Round 1: Desktop sync
The most important part of these storage systems is how well the desktop applications let you completely forget about synchronization. You shouldn’t have to manage desktop sync, and both Google and Dropbox achieve this goal.
Both services set up a folder named after the service which is a duplicate of your storage on their central cloud-based systems, and which you can also view via their Web apps (see Round 2: Web Access). On every computer with which you have registered the same account, all files constantly update to the latest available version in the same folder hierarchy. Both Google and Dropbox let you selectively sync on each computer, too, choosing specific files to keep up to date.
In testing, Google and Dropbox seem to handle sync equally well. Both show the status of copying to let you know both on a file and folder level (via tiny symbols attached to icons) and through a system menu bar item whether copying is under way. Google’s only funny tic is that it uses its own horsey icons for native Google Docs formats, such as .gdoc for a word-processing file and .gsheet for spreadsheets. (Those files may only be edited in the Web app; they can be viewed but not edited offline in the Chrome browser.)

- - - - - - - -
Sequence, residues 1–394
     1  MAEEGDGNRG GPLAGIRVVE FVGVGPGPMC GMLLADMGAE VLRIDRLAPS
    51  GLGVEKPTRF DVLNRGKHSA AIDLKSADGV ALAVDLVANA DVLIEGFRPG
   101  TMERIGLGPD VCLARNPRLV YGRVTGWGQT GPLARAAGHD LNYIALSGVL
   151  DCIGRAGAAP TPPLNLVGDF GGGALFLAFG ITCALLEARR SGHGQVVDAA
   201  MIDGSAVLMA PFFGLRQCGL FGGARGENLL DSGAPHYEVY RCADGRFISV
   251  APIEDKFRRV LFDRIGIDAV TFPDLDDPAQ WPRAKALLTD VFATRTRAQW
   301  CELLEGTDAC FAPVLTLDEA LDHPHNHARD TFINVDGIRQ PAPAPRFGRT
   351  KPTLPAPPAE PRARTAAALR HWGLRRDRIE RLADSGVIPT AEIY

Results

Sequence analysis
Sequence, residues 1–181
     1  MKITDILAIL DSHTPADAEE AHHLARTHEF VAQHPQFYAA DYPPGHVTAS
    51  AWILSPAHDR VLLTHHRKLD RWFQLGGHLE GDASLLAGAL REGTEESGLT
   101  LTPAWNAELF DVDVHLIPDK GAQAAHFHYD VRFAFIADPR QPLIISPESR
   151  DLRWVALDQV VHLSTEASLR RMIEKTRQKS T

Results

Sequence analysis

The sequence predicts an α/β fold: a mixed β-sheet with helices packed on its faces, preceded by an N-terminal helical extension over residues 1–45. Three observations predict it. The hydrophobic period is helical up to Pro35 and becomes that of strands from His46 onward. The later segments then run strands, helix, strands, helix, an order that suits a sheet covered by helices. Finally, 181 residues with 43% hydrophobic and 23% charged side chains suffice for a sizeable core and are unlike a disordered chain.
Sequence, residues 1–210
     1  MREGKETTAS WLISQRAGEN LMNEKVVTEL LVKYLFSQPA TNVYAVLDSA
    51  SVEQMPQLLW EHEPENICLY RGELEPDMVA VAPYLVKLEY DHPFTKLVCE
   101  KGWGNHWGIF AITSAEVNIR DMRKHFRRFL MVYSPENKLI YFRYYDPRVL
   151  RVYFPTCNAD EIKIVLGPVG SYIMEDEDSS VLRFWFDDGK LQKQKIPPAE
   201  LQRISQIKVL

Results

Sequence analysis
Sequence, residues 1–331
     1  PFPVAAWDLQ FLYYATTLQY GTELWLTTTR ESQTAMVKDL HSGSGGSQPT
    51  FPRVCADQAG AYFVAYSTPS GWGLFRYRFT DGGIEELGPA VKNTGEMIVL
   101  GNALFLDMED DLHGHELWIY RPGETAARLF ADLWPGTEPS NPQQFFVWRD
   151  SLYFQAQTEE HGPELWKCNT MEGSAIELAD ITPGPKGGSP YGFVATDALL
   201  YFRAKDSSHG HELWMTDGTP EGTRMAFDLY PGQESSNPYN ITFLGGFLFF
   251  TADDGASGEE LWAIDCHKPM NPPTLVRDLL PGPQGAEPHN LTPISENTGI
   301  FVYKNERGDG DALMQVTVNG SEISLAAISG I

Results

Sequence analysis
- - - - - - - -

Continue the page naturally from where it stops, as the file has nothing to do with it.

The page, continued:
Dropbox offers contextual menu support that seems better than it is. Control-click any file or folder in the Dropbox folder, and (except in special Photos and Public folders) three items appear: Browse on Dropbox Website, Get Link, and Share This Folder (for folders) or View Previous Versions (for files). However, all of those links merely take you to the correct spot on Dropbox’s site, rather than carrying out an action on the Desktop. Google avoids that by omitting a contextual menu altogether.
If you have the need to sync exceedingly large files, Google caps files to 1GB, while Dropbox lets you fill your folder entirely with a single file up to your maximum storage size.
After the bell: Evenly matched, neither service even worked up much of a sweat at core competencies.
Round 2: Web access
Google should come out swinging in this round, because Google Drive is an evolution of its Google Docs Web apps, which set the standard for Web-based interaction. And, in fact, once Google Drive is available for your Google account and you enable it, the Docs tab disappears and is replaced with Drive. The approach remains generally the same, with a file list in the center, folders at left, and settings in the upper right.
You can preview several types of files in Google Drive’s Web app, including images, PDF files, Microsoft Office formats, plain text, and HTML, and edit any Google Docs files. Dropbox doesn’t preview or allow editing any file types. (You can preview publicly shared files, but not yet files you’re browsing in your own account; see Round 3: Sharing.)
Sign up for CIO Asia eNewsletters.